The Davis Transmedia Art Walk is a free—self-guided—public art tour includes 23 public murals, 16 sculptures, and 15 galleries and museums all in downtown Davis and the University of Davis campus. A free Davis Art Walk map serves as a detailed guide to the entire collection. The art pieces are all within walking distance of each other. The walk is a roughly circuitous path that can be completed within an hour or two. Every piece of art on the Art Walk has been embedded with an RFID chip. Using a cellphone that supports this technology, you access multimedia files that relate to each work. You can even leave a comment or "burn your own message" for other visitors to see. Artist hosted tours are held on the weekend by appointment only. To pick up a copy of the Davis Art Walk map, visit the Yolo County Visitors Bureau (132 E St., Suite 200; (530) 297–1900) or the John Natsoulas Center for the Arts (521 1st St.; (530) 756–3938).
Manetti Shrem Museum of ArtEdit
The Manetti Shrem Museum of Art, located on the UC Davis campus, opened on November 13, 2016, and carries on the legacy of the university's world-renowned first generation art faculty, which contributed to innovations in conceptual, performance and video art in the 1960s and 70s. The museum has generated nationwide attention with exhibits by artists such as Wayne Thiebaud, Bruce Nauman, John Cage, and Robert Arneson as well as its striking architecture, featuring a 50,000 square-foot “Grand Canopy” of perforated aluminum triangular beams, supported by 40 steel columns. Every year the museum exhibits works by graduating art students. The museum is free and hosts lecture series and events throughout the year, as well as weekend art studio activities for all ages.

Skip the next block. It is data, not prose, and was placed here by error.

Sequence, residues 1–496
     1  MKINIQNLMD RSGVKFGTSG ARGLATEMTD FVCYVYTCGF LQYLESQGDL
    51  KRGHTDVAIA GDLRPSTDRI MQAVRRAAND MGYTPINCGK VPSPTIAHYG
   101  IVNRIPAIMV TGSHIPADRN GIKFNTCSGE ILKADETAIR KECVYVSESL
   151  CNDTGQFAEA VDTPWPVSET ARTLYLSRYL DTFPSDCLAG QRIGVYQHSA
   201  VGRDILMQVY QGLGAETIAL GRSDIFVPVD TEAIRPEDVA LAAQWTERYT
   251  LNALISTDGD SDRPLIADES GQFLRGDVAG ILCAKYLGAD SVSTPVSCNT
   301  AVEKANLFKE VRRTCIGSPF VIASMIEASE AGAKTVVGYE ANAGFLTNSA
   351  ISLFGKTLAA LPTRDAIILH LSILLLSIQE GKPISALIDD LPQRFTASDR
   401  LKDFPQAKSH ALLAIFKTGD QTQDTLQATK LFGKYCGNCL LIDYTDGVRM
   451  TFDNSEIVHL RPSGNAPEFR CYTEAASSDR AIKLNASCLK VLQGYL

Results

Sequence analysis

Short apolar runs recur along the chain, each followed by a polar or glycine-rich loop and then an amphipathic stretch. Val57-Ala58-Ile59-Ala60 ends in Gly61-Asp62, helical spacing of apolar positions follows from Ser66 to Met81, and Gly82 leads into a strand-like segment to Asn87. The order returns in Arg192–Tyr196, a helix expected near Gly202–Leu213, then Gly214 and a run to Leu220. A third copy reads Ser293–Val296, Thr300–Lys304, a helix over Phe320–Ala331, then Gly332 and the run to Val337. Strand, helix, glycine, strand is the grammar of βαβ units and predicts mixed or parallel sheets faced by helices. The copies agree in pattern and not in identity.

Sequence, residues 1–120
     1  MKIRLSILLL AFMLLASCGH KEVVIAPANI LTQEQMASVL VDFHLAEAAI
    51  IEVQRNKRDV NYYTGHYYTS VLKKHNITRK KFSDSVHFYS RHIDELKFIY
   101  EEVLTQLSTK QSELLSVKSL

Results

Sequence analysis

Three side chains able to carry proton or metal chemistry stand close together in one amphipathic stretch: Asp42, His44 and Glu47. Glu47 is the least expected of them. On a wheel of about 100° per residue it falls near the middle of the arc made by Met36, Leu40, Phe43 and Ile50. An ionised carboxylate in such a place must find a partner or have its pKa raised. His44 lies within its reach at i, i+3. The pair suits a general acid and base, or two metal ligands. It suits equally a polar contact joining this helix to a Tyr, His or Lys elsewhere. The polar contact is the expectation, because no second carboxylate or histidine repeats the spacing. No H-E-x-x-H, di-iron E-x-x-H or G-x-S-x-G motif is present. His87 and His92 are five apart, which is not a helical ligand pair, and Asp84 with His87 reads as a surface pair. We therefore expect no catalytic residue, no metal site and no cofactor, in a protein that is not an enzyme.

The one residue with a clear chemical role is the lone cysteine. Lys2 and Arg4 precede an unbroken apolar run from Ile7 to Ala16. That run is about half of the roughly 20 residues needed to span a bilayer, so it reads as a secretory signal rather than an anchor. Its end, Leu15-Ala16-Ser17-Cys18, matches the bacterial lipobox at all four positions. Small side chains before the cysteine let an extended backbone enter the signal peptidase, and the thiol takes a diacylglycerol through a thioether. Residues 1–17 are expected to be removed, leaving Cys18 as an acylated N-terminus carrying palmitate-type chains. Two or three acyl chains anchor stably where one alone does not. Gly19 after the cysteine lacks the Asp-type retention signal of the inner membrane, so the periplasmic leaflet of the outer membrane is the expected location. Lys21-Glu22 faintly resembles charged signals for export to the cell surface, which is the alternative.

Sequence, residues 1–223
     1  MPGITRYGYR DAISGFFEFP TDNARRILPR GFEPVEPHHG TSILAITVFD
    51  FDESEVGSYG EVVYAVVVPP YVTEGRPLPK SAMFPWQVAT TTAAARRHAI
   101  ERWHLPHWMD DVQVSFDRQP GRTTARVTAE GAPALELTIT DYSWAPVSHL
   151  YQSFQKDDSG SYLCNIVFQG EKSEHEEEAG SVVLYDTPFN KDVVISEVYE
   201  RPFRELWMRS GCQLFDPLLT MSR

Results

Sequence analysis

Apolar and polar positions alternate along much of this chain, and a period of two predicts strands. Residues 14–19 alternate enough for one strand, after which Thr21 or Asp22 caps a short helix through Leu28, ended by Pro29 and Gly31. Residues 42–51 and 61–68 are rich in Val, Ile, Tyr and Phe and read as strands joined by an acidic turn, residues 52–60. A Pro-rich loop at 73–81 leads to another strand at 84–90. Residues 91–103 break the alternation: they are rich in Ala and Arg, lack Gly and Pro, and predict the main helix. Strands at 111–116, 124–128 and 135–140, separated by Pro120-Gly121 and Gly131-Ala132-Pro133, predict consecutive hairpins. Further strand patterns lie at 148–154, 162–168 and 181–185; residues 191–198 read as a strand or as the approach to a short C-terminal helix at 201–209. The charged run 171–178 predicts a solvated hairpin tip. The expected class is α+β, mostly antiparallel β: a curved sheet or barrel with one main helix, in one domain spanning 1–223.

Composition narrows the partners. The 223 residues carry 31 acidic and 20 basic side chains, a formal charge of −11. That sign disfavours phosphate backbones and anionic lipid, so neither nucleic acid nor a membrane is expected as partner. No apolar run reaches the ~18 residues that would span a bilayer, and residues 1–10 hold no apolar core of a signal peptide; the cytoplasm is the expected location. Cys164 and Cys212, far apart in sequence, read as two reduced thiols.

The Mondavi Center, located on the UC Davis campus, is one of the biggest non-seasonal attractions in Davis. The Mondavi Center is a theater which hosts many world-class touring acts, including star performers such as Yo-Yo Ma, Yitzhak Perlman and Wynton Marsalis, and draws a large audience from Sacramento.
UC Davis ArboretumEdit
The UC Davis Arboretum is an arboretum and botanical garden. Plants from all over the world grow in different sections of the park. There are notable oak and native plant collections and a small redwood grove. A small waterway spans the arboretum along the bed of the old North Fork of Putah Creek. Occasionally herons[which?], kingfishers[which?], and cormorants[which?] can be seen around the waterways, as well as the ever-present ducks. Tours of the arboretum led by volunteer naturalists are often held for grade-school children.
The Domes, (AKA Baggins End Innovative Housing), is an on-campus cooperative housing community designed by project manager Ron Swenson and future student-residents in 1972. Consisting of 14 polyurethane foam-insulated fiberglass domes and located in the Sustainable Research Area at the western end of Orchard Road, it is governed by its 26 UCD student residents. It is one of the few student co-housing cooperative communities in the US, and is an early example of the modern-day growing tiny house movement. The community has successfully resisted several threats to its continuation over the years.